Climate neutral companies
The German government will be empowered to define by way of a separate federal ordinance those criteria that are to be met by companies that want to denote themselves as being “climate-neutral companies”. This seems to be a helpful approach to avoid misleading statements and advertisements – as well as relating litigation that already occurred in front of German courts.
Data Centers: New detailed framework
The EnEfG provides for a highly detailed framework governing energy and waste heat related features of data centers in Germany.
Key principles and objectives of the new regulations may be summarized as follows:
- EnEfG established rules applicable to both the operator of a data center and “the operators of IT technology” (Betreiber von Informationstechnik), the latter meaning the users of co-location data centers.
- The new rules will apply to new data centers as well as to existing data centers. By way of example, even existing data centers will have to provide for a power usage effectiveness (PUE) of max. 1.5 by 1 July 2027 at the latest. By 1 July 2030, existing data centers must even comply with a PUE of max. 1.3 on a permanent average over the year (current average PUE in Germany is 1.7 according to the German Government).
- More urgent is the need for all data centers (including already existing data centers) to procure by 1 January 2024 at the latest a quote of 50 % of electricity from renewable energies. From 1 January 2027, even 100 per-cent of electricity from renewable sources must be procured.
- Operators of data centers shall be obliged to implement either an EnMS or an EMAS as of 1 July 2025 at the latest. The results of such assessment shall be certified by a third party.
- Energy efficiency related data shall be published in an “Energy Efficiency Register” (Energieeffizienzregister). It is the legislator’s explicit intention to foster competition between data centers by making energy related data accessible to both private and public customers who may want to consider such data when procuring data center services.
- Customers shall be entitled to receive their energy related data from data centers so that such data can be considered in the customers’ ESG and CSR reportings.
Data Centers: Use of waste heat
A focus of the EnEfG is, however, the use of waste heat of data centers. In general, such waste heat shall be re-used more frequently. Consequently, operators of data centers shall be obliged to record data and to transfer data to the authorities that make such data publicly available by way of a dedicated tool (“Plattform für Abwärme”).
Further, strict requirements dealing with the re-use of waste heat are explicitly meant to have an impact on the decision of investors to allocate data centers in areas where local, regional or industrial heat grids can be accessed that offtake waste heat.
In this context, the German legislator is likely to expect synergies with the currently discussed Heat Planning Act (Wärmeplanungsgesetz), for which a corresponding draft law was published in August 2023. This draft law is intended to oblige communities to carry out heat planning in their municipal area and to set up appropriate heat networks. Such setup of heat networks may also create opportunities for data center operators, in particular with regard to possible re-use options of their waste heat.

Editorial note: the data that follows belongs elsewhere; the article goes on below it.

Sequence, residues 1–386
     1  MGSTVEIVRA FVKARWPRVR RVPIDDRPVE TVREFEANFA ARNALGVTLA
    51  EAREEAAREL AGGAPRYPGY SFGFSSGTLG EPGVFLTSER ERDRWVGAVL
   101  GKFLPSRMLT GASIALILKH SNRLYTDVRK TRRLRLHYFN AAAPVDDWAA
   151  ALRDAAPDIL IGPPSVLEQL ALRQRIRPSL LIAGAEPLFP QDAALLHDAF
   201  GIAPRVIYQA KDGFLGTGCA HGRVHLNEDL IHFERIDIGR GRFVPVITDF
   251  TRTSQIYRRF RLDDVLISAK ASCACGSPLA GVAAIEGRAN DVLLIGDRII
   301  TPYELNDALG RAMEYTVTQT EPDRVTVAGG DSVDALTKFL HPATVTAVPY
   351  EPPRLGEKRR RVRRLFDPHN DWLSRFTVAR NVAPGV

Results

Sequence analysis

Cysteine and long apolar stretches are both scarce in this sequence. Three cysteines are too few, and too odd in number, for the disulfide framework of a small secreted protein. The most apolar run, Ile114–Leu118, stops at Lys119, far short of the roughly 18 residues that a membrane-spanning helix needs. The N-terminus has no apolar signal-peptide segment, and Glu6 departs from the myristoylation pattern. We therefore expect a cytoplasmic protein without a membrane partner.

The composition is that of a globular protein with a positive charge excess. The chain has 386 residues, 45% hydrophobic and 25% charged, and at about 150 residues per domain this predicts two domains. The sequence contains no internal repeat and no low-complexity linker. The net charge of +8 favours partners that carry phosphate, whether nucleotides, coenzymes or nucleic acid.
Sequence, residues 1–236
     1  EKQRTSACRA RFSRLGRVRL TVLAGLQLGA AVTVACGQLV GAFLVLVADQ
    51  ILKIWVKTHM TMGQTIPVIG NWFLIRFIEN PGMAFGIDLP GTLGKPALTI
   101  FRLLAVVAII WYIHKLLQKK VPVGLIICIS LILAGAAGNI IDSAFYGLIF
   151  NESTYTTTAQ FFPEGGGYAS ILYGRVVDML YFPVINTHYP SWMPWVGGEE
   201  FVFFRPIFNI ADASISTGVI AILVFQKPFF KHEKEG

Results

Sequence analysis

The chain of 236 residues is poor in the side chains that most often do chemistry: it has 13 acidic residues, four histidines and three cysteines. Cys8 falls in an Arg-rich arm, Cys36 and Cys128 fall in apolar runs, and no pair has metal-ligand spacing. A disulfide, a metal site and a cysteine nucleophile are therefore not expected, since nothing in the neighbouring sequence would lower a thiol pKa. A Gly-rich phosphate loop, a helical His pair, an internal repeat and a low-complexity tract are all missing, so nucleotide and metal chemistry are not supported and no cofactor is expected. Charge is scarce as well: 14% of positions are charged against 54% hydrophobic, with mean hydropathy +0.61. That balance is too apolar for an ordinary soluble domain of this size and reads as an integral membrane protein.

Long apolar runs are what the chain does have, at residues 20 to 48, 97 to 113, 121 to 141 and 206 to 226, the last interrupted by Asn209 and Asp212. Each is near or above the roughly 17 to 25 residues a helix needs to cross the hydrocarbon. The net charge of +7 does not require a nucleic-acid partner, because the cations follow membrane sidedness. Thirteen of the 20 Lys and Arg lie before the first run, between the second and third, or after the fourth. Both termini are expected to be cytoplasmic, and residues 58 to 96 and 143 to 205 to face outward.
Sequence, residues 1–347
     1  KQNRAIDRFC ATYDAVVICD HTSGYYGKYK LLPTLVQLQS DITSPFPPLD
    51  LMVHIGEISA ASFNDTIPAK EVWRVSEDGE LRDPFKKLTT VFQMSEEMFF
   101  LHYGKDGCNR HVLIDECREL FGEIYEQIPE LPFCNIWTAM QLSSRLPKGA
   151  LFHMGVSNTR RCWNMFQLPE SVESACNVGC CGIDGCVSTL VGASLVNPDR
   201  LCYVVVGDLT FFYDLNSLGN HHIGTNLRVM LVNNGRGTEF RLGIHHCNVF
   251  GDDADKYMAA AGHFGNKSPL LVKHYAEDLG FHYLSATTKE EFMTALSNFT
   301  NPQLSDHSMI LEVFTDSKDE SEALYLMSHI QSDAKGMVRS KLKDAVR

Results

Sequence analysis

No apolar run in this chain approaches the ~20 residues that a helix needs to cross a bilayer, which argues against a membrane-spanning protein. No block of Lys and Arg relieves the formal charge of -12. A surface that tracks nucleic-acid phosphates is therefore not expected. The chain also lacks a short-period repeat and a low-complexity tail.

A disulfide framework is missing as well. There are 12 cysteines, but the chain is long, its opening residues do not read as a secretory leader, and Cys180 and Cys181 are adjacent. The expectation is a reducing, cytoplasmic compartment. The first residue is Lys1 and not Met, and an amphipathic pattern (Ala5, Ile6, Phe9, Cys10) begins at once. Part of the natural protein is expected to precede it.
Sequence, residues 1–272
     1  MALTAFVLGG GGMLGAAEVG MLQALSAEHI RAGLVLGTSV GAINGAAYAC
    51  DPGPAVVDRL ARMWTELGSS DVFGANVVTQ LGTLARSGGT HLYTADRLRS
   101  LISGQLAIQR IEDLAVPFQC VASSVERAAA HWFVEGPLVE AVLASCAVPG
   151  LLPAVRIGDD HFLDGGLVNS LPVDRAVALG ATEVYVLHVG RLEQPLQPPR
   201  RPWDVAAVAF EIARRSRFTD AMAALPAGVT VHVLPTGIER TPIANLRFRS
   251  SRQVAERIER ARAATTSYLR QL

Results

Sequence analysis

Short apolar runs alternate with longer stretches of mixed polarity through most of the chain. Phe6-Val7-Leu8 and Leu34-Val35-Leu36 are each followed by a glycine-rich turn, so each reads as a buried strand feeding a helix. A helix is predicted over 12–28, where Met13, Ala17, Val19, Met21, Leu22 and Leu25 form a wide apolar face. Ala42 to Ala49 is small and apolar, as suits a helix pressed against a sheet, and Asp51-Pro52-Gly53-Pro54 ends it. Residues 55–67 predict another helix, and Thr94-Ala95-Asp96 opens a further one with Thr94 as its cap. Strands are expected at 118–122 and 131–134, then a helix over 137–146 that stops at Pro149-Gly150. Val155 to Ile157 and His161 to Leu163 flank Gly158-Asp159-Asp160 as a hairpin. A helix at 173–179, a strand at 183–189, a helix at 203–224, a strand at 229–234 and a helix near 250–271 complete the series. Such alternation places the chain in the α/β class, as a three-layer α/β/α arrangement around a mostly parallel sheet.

Legislative procedure – next steps
As a next step, the Second Chamber of the German Parliament (Bundesrat) will now review the EnEfG and is given the opportunity to raise any objections. If the Bundesrat does not raise objections, the EnEfG will ultimately enter into force after its announcement in the Federal Law Gazette (Bundesanzeiger).
Given the time schedule of the Bundesrat’s next meetings, we would expect the Bundesrat to review the EnEfG in its scheduled meeting on 20 October and consequently, the EnEfG to enter into force in course of November at the latest.
EnEfG vs. Initial Draft
In comparison to the Initial Draft, the EnEfG has again tightened energy efficiency requirements for companies and data centers:
- Companies: According to the EnEfG, companies with an energy consumption of more than 7.5 GWh on average throughout the last 3 calendar years will be obliged to establish an EnMS or an EMAS. The Initial Draft, however, foresaw such obligation only for companies with energy consumption of more than 15 GWh. The German legislator therefore extended the scope of the law for companies.
- Data centers – electricity supply: In contrast to the Initial Draft, the EnEfG does not provide for the obligation to procure electricity from non-subsidized renewable energy sources anymore. Rather, the procurement of electricity from subsidized renewable energy sources is also feasible under the EnEfG. This may lead to less bureaucracy and the opportunity to benefit from a broader market to procure electricity.
- Data centers – PUE requirements: Operators of such data centers that are commissioned from 1 July 2026 must pursuant to the EnEfG ensure a PUE of max. 1.2 instead of max. 1.3 as proposed by the Initial Draft. The EnEfG therefore tightened the PUE requirements for certain data center operators.
Energy efficiency and energy saving requirements will be the new “hot topics” for companies and data center operators.
Additional obligations and on-going legal developments in those fields will likely raise the need for detailed legal expertise and will trigger additional investments for companies and data center developments in Germany.